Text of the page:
Railroad Quiet Zones on City Council's Agenda

Public works chief and SMART engineer to provide updates on preparation for commuter rail service.

Those who live along the railroad tracks in Novato have already experienced the rumbling and sounds associated with train service now that the North Coast Railroad Authority is running cargo routes through town. What's that experience going to be like when the SMART train gets going?

The city of Novato will roll out details about establishing quiet zones at Tuesday's meeting of the Novato City Council.

Public Works Director Jason Nutt plans to go over a description the process to establish quiet zones, including rules about train horns and grade crossings, as Novato prepares for the Sonoma-Marin Area Rail Transit to start up its commuter service in 2016. Novato will have new passenger rail stations near the Atherton Avenue/San Marin Drive junction with North Redwood Boulevard and down at Hamilton. The first phase of the service is to run between Santa Rosa and San Rafael. 

A quiet zone is a section of a rail line at least a half mile in length that has one or more consecutive public railroad crossings at which locomotive horns are not routinely sounded, according to the city's staff report. A quiet zone is specific to the use of the train horn — a train going through town is still going to sound like a train going through town, with the creaking of rail joints, railroad car suspensions, engine braking, engine noise in addition to railroad crossing lights and bells.

Outside of established quiet zones, railroad engineers must sound the locomotive horn 15-20 seconds before arrival at a highway-rail grade crossing, but not more than a quarter mile in advance of the crossing, according to the city's staff report. Engineers are empowered, but not required, to sound the horn in the case of an emergency, even in a quiet zone.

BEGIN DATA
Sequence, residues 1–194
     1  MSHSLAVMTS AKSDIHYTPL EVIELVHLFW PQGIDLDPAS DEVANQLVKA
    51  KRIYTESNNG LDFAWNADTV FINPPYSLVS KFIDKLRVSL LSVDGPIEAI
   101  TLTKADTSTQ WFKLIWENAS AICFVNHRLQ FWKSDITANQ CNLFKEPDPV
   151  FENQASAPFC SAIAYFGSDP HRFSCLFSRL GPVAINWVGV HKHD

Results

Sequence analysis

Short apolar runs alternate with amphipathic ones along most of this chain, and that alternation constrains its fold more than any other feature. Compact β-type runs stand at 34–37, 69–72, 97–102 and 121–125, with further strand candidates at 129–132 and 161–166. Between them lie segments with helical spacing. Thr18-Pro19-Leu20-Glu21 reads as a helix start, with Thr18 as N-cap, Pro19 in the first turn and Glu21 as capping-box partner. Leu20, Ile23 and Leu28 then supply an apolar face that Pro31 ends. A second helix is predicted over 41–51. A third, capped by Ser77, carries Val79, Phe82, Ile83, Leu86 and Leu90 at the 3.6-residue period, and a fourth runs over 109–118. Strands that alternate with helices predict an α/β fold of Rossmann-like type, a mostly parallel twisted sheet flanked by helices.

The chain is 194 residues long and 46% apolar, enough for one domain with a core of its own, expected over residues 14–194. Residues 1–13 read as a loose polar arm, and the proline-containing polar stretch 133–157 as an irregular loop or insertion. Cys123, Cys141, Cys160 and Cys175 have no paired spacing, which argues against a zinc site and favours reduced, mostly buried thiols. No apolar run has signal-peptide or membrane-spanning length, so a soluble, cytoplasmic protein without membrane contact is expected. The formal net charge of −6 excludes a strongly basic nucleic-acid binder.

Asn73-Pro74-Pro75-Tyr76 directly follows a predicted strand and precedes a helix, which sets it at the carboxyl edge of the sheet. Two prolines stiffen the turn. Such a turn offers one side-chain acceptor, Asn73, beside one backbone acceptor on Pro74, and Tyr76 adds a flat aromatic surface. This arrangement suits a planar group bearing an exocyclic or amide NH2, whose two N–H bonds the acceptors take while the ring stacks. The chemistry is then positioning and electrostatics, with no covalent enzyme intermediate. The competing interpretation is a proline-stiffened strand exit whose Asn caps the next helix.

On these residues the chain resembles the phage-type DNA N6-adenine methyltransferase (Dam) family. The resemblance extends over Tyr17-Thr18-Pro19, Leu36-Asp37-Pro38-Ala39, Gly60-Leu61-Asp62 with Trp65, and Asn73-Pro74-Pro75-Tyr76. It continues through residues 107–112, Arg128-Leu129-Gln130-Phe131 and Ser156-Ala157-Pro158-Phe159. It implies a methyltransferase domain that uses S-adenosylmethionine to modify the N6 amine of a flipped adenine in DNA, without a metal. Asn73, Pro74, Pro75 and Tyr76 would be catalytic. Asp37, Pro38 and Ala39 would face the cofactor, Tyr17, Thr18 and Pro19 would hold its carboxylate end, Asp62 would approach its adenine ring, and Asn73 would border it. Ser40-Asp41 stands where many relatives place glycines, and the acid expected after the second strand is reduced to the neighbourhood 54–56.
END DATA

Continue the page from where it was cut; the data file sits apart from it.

With the California Public Utilities Commission acting in an oversight capacity, governing bodies can establish quiet zones through a diagnostic review for every crossing to determine safety needs. A typical review requires the involvement of qualified railroad signal and traffic engineers, the CPUC, applicable railroads (in this case,  SMART and NCRA), city and county staff and Caltrans. For more about quiet zones, refer to the attached city staff report.

At the same meeting, SMART chief engineer Bill Gamlen plans to provide an updated on construction activities in Novato. In short, they'll start this winter and ramp up in the spring.

The council meeting starts at 6:30 p.m. Tuesday at Novato City Hall.

Cindy September 25, 2012 at 01:57 PM
Bob that is one of the "smartest" comments about this transportation debacle that I have ever heard!!!
Lawrence Labranche September 25, 2012 at 02:19 PM
As the first part of the article states, trains are already running through Novato.
LP September 25, 2012 at 03:39 PM
Sorry guys, the train is a comin' and I can't wait. The new tracks are being laid, just go up to Rohnert Park and check it out.